Retail is much more mobile than travel, comScore finds.
Bill Siwicki , Managing Editor, Mobile Commerce
Mobile sites in the travel industry received 75.4 million monthly unique visitors in July 2013, according to web and mobile measurement firm comScore Inc. The mobile site of TripAdvisor Inc. topped the mobile travel list with 15.4 million unique visitors during July, though TripAdvisor is an informational site not a commerce site. Most travel sites measured by comScore are mobile commerce sites where consumers can book accommodations or airline tickets.
Following are some of the most highly visited mobile sites in travel and their monthly unique visitors in millions for July 2013, according to comScore:
Many of these same sites are at the top of the list for desktop traffic, although TripAdvisor leapfrogs Expedia for the No. 1 position in mobile, says Andrew Lipsman, vice president of industry analysis at comScore.
“This speaks to the utility of a travel information site when people are traveling from place to place and looking for information, recommendations and reviews,” Lipsman says. “Online travel agencies still perform well on mobile, as they do on desktop, with price comparison for airfare and hotels always one of the most important drivers of online travel behavior. Leading hotel sites also become somewhat more popular on mobile because people are perhaps more likely to engage with the brands during a stay, and because hotel Wi-Fi networks often initially direct mobile devices to a hotel site.”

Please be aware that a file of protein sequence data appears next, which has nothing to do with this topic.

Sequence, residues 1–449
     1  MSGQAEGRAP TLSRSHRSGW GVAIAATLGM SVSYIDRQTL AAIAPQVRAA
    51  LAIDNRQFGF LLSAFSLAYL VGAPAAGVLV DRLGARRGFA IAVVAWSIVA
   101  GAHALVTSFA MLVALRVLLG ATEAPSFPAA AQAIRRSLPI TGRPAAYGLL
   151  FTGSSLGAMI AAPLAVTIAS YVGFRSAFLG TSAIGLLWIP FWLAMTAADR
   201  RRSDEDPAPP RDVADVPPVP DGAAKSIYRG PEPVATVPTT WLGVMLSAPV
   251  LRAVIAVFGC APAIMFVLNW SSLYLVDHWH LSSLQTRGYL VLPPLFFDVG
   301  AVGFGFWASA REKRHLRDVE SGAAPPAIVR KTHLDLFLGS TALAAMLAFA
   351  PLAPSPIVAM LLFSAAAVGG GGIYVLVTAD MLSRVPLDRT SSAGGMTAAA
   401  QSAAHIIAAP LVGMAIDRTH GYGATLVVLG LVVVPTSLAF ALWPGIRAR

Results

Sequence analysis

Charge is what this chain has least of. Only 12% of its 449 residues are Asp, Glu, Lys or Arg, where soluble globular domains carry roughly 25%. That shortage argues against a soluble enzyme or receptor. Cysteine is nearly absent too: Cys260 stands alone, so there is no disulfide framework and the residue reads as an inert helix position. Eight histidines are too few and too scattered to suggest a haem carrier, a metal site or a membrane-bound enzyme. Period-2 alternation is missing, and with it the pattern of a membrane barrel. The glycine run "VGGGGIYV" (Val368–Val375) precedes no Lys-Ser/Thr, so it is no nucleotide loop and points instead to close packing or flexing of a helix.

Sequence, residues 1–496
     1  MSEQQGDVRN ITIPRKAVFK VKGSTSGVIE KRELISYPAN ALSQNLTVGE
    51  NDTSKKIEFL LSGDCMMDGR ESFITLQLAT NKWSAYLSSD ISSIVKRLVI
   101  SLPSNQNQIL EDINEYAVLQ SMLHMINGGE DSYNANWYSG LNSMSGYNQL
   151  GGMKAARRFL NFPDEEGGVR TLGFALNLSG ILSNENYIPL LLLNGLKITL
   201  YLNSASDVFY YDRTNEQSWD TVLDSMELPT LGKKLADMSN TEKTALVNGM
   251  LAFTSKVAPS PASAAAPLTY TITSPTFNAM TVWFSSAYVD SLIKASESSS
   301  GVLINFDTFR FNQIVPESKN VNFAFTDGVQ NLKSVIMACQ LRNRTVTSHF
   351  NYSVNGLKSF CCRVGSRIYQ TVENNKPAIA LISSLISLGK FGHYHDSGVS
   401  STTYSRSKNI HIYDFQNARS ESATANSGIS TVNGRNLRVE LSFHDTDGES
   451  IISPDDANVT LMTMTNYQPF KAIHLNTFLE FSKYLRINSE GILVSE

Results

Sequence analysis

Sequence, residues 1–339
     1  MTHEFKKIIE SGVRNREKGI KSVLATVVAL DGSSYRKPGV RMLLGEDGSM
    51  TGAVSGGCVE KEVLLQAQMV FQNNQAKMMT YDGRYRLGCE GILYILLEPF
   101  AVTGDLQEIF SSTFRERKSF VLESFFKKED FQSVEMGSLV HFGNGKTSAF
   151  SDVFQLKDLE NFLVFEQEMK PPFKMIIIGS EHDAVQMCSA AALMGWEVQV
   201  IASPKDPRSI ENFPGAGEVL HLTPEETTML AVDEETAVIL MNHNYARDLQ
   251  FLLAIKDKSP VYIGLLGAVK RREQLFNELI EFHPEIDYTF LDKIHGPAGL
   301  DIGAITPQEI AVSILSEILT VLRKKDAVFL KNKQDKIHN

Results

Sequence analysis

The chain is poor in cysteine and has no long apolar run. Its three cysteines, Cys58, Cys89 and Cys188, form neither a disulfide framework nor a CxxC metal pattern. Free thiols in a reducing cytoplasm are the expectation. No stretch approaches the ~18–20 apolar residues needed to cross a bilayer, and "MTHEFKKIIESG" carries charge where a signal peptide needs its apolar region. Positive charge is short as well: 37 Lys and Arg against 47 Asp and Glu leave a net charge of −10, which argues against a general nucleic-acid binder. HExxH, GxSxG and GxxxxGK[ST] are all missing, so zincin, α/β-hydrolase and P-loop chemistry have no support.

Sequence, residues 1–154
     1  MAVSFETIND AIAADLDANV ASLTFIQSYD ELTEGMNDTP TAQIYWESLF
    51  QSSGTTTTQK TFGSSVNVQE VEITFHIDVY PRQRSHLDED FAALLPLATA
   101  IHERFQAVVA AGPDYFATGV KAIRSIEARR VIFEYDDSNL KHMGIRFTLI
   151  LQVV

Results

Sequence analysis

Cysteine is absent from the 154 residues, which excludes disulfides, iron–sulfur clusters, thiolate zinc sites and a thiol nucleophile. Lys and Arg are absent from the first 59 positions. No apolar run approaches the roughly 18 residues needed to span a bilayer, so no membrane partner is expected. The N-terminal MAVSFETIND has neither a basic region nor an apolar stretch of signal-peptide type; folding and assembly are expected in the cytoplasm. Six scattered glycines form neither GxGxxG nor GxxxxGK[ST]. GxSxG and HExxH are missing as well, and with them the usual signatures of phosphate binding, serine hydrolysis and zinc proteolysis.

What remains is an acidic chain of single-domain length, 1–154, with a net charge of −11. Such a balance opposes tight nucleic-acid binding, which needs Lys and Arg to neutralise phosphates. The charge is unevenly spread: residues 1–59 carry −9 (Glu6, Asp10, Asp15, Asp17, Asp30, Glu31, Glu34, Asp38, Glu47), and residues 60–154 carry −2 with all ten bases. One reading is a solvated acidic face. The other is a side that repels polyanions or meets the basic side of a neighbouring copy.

Comparing the travel industry to retail, it turns out that mobile commerce is bigger in retail. In July 2013, 45% of minutes spent with online retail was on mobile devices while only 25% of minutes spent with online travel was on mobile, comScore finds.
“It seems there’s an untapped opportunity for travel to become even more mobile-focused because its content can be especially useful and relevant for people when they are travelling,” Lipsman says. “Travel apps are not downloaded as readily as retail apps because the average person shops a lot more frequently than they travel, and frequency of usage often drives app download behavior.”